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I’m not very good at accepting my own faults, but I don’t think I’m alone in that. It’s one thing to put them down in writing online, and quite another to be confronted with them in public, while strangers watch. That experience, probably akin to stage fright, is highly embarrassing for a somewhat shy and insecure person.

One of the most important lessons my writing professors at the University of North Carolina taught me was to accept criticism without taking it personally. It was a hard lesson to learn. It consisted of sitting in a writing class with ten to fifteen other people and being told to remain silent while they went around the room and tore something I wrote apart. For anyone who has a passion to do anything, you know that this is a highly emotional experience, and it’s extremely difficult not to take it personally. I see the same thing in Joe when he has to repaint a car. It’s more than just having to do some extra work; it’s a failing in his product, his art. It’s painful. I’m sure it’s the same disappointment that parents feel when their children don’t meet expectations or make a stupid or silly mistake; I’ve seen the pain cross my parents’ faces on many occasions. I used to think it was just embarrassment or disappointment in me, but as I get older, I think it may be something deeper, some kind of profound pain that relates back to personal failings.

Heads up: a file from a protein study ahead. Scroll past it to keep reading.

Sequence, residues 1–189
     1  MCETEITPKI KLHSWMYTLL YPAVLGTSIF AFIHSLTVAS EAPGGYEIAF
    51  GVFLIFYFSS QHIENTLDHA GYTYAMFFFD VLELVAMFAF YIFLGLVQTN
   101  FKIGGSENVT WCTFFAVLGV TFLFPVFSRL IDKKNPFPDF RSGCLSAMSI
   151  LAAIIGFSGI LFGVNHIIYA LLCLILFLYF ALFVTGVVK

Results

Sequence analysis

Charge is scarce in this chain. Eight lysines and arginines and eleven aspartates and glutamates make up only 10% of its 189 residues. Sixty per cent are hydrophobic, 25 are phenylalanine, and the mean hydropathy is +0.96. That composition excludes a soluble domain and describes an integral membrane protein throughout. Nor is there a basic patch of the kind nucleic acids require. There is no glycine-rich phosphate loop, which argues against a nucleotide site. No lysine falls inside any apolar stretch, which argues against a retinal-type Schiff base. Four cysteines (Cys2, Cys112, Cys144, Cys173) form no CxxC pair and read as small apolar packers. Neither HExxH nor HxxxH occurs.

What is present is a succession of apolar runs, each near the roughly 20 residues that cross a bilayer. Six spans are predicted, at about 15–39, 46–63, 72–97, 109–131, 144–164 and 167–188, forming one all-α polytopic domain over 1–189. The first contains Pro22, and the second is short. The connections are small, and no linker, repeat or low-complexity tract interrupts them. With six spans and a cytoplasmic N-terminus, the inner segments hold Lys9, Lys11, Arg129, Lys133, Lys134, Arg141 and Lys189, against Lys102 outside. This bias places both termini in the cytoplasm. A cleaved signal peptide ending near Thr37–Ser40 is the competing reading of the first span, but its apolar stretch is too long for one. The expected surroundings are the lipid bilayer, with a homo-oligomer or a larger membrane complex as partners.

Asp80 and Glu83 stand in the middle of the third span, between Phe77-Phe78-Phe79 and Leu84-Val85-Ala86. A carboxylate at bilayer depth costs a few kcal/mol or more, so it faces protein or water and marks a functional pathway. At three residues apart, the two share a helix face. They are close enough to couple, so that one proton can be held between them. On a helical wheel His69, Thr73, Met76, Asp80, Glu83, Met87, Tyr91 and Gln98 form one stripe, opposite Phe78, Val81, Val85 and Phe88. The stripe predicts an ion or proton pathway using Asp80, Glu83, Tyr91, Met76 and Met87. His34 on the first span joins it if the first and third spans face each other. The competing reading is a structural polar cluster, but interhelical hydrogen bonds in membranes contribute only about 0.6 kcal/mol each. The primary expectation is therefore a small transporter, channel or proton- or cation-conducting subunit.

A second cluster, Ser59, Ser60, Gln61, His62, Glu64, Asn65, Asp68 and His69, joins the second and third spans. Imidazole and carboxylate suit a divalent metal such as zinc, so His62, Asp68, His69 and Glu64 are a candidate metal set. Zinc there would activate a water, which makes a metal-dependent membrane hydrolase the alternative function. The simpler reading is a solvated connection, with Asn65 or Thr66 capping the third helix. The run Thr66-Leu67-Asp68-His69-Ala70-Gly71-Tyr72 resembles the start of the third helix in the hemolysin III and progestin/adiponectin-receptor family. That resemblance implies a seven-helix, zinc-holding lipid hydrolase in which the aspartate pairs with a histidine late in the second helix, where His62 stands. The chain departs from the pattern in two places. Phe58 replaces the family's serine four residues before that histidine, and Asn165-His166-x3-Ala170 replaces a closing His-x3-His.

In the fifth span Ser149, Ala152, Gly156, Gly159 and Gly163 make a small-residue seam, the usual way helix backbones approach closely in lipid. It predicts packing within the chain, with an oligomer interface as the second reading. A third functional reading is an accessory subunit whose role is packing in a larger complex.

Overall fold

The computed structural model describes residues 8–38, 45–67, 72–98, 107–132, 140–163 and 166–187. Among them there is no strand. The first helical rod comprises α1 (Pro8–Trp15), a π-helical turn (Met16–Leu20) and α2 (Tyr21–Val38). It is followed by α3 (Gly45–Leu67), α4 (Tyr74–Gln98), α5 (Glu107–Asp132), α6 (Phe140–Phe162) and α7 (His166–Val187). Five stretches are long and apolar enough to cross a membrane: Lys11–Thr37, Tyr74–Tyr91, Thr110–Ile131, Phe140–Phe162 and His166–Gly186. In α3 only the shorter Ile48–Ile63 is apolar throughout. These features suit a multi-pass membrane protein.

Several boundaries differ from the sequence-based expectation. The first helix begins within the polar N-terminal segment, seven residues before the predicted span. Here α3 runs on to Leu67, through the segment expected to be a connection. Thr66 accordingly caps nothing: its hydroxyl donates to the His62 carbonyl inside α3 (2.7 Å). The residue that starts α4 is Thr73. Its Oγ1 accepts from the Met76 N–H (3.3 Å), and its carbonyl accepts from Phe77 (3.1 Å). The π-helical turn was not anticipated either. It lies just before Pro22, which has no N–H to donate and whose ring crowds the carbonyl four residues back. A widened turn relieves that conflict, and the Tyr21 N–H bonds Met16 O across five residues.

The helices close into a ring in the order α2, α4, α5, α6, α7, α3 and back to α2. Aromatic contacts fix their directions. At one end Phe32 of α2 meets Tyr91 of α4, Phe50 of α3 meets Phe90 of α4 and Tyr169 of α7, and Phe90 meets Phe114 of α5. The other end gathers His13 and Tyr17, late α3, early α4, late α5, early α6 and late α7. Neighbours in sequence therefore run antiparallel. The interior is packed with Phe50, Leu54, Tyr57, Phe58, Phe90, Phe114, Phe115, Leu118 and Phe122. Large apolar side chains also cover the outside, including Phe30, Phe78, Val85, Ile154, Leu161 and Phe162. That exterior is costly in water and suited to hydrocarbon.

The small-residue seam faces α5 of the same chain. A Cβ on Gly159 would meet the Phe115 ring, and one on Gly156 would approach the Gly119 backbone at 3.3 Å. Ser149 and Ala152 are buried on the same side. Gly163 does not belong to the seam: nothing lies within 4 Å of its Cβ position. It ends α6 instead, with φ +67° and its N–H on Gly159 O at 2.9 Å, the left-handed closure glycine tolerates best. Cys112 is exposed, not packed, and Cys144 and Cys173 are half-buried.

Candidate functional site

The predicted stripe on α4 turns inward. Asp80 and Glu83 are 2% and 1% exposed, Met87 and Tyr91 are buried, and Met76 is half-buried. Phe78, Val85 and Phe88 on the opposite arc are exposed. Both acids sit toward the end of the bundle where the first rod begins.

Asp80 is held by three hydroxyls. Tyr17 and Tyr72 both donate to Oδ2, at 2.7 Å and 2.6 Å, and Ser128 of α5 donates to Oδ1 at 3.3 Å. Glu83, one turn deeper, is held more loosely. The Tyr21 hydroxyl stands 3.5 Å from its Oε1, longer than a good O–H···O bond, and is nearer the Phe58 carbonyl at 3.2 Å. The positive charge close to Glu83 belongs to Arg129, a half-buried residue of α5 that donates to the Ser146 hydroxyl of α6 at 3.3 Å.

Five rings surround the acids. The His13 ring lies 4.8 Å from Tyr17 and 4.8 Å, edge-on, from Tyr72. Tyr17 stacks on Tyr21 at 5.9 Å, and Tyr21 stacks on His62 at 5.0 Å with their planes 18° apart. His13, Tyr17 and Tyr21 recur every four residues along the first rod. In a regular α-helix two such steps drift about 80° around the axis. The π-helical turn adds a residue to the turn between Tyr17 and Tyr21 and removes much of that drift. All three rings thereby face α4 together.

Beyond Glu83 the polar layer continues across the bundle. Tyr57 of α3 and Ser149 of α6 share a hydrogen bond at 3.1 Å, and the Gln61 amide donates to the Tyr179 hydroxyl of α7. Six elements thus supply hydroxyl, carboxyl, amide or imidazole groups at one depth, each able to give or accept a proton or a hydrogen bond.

It may seem strange that I’m about to link this feeling of pain and disappointment and embarrassment and perhaps even rage to dog training, but if you think on it, it may be right where this emotion lands, but really doesn’t belong any more than it belongs in art or child rearing.

Almost every week I post on my Facebook about Shelby’s classes and how they are going, typically as soon as I get home from a class. Last week, that post was missing.

Last week, Shelby had a terrible class, the worst I’ve ever had with her. Five minutes into the class I asked for a sit to begin an exercise, and she pooped on the floor. Shelby, my eight month old dog, in an advanced training class, where she’s supposed to be the cream of the crop, one of the youngest dogs to make it so far so quickly, and instead of sitting, she shit on the floor. After I shook it off and took her outside and cleaned up her mess and tried not to die of embarrassment, Shelby continued to ignore me for the entire class. She ran around to other dogs’ stations, barked at every person she saw walking by, wouldn’t get down on her mat, wouldn’t target my hand, wouldn’t even sit when I asked her.

Shelby after completing her third training course at 6 months old.

There she was, 20 some odd weeks into training, failing to perform behaviors that she’s had solid since she was 12 weeks old. I was mortified, embarrassed, ashamed, shocked. Shelby has been in training constantly since she was 10 weeks old, and she has never had an accident in class, not even as a 10-week old puppy. I couldn’t believe what was happening.

Shelby working on focused attention and sit at 10 weeks old.

As I grew more and more embarrassed, as the instructor spent more and more time focusing on Shelby and me, critiquing us, however gently, my old fears began to creep to the surface. I could see myself sitting in that room around the circle table, bursting into tears as I tried to defend myself and my work, and the professor scolded me and threatened to kick me out of class for speaking. Fear switched on in my brain, fear that slowly turned to rage. The more and more frustrated I got with Shelby, the more I grit my teeth and sharpened my voice, the less she listened.